Presentation on theme: "Chapter 11 Trauma in Women zA: Anatomic y12 weeks - rise out of pelvis y20 weeks - at umbilicus y34-36 weeks - at the costal margin y2nd trimester- amniotic."— Presentation transcript:
Chapter 11 Trauma in Women zA: Anatomic y12 weeks - rise out of pelvis y20 weeks - at umbilicus y34-36 weeks - at the costal margin y2nd trimester- amniotic fluid embolism y3rd trimester- abruptio placentae
yB. Blood Volume and Composition y1.Volume: ml -signs of hypovolemia y2. Increased in WBC, fibrinogen, clotting factors y3. Decreased in Hb, PT, aPTT, albumin y4. Blood pressure falls 5-15 mmHg y in 2nd trimester y5. CVP is variable y6. ECG: flattened or inverted T waves y in leads II, III, AVF
yC. respiratory yIncreased in tidal volume yDecreased in residual volume yHypocapnea ( Pco2 of 30 mmHG) y in late pregnancy yD. Musculoskeletal y7th months: the symphysis pubis widens (4-8mm) y The sacroiliac-joint space increased
yMechanism of Injury yA. Blunt Injury y 1. Direct Injury y 2. Indirect Injury y Abrutio Placentae & Uterine Rupture y Seat belt: forward flexion and uterine compression yB. Penetrating Injury y Dense uterine musculature & Amnion y Low incidence of maternal visceral injury
zAssessment and Management yA: Primary Survey and Resuscitation y1. Maternal: Hyperventilation y inches elevation of right buttock y Fetus may be in shock before y maternal hypovolemia shock signs y Vasopressors - fetal hypoxia yB: Fetus: Uterine rupture y Abruptio placentae y Continued fetal heart tones y wks of gestation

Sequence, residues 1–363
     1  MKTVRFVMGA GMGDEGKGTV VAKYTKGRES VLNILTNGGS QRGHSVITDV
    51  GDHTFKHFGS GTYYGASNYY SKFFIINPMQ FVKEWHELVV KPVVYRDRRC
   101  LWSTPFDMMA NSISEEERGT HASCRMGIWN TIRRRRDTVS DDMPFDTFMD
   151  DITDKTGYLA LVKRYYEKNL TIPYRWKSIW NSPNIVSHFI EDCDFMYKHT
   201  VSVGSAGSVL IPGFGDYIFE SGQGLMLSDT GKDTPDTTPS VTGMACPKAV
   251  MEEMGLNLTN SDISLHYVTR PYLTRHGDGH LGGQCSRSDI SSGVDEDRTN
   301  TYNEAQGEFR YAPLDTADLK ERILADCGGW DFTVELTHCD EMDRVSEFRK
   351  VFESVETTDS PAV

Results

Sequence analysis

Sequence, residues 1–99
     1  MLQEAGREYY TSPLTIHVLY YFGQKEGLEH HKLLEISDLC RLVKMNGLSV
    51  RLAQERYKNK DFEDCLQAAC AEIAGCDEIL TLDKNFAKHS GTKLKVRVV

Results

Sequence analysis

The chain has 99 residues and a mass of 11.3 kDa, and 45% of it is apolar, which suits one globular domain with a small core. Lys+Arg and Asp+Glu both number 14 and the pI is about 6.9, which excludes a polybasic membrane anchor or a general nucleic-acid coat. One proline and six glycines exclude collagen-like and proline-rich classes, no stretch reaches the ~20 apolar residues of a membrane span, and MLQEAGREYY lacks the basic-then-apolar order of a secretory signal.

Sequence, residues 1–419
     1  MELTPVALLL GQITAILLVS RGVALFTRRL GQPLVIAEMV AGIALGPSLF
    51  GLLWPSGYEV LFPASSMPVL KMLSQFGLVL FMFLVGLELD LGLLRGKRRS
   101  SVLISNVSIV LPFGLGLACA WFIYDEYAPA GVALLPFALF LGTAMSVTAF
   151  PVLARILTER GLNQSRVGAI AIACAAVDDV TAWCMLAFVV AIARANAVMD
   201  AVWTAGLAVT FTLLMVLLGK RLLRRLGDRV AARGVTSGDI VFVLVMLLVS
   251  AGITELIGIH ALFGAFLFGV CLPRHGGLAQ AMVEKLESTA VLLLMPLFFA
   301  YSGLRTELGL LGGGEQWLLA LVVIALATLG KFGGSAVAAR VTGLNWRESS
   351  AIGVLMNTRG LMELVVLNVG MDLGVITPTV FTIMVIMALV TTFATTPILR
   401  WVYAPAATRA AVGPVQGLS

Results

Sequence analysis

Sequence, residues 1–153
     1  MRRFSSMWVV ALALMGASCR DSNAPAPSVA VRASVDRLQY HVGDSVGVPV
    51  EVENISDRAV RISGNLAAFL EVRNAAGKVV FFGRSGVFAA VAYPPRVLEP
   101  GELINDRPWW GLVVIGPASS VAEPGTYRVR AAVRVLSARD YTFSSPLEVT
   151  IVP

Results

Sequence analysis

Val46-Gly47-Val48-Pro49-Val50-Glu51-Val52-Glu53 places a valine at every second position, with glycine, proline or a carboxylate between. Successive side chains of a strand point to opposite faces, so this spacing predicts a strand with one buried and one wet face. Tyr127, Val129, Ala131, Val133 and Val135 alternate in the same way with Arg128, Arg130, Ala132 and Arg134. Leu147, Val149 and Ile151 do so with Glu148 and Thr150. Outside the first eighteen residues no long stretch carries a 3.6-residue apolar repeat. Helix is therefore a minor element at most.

zB. Adjuncts to primary survey yMaternal: yMonitor on her left side after physical examination yMonitor of the CVP response to fluid yMaternal bicarbonate is usually low yFetus: y20-24 wks heart tones: beats / min yContinous monitor with cardiotocodynamometry yConsultation if abnormal fetal heart rates y
zC. Secondary Assessment y1. DPL: perform above the umbilicus y Presence of uterine contractions y2.Vaginal Examination: y Amniotic fluid with PH of : y ruptured of chorioamniotic membrane y Bleeding in 3rd trimester: y disruption of placenta y impending fetal death yThe fetus may be in jeopardy even with apparent, minor maternal injury
zD. Definite Care yUterine rupture: shock or no s/s yPlacental abruptio: leading cause of fetal death y 30% no vaginal bleeding yAll pregnant Rh-negative trauma patient should considered for RH immunoglobulin therapy. yInitial management is directed at resuscitation and stabilization of the pregnant patient. yPerimortem c/s may be successful if it is done within 4-5 mins arrest.
zRadiography in Pregnant Women yNo fetus risk: rad. yThe maximum risk attributable to 10 rad of exposure is approx. 0.1 % yAfter 20th weeks of gestation: cause no fetal abnormalities. yRoutine C-spine, CXR, Pelvis obtained with shielding: negligible fetal exposure yCT beam in direct line to fetus: rad. yCT scan above uterus: < 3 rad to fetus.
zRadiography to fetus varies: y1. The type of study y2. The size of patient y3. Position of the fetus y4. Type of machine y5. Method of shielding y6. The number of section obtained y7. Fetal/uterine size y8. Coned x-ray beam aimed > 10 cm away from y fetus are not dangerous.
Estimated Radiation Dose to the Pelvic Uterus/ Radiography xType of examination Dose (mrad) xLow dose group xHead < 1 xC- spine < 1 xT-Spine < 1 xCXR < 1 xExtremities < 1 xHigh Dose Group xL-spine xPelvis xHip and Femoral ( proximal) xIVP xUrethrocystography 1500 xAbdomen ( KUB)
Upper-Limit Fetal Dose From Angiography and CT Scan Studies zType of examination Dose (mrad) zAngiography zCerebral < 100 zCardiac Cath < 500 zAortography < 100 zCT scanning zHead ( 1 cm slices) < 50 zChest ( 1 cm slices) < 1000 zUpper abdomen( 20 1-cm slices < 3000 z> 2.5 cm from uterus) zLower Abdomen ( 10 1-cm slices zdirectly over the uterus/fetus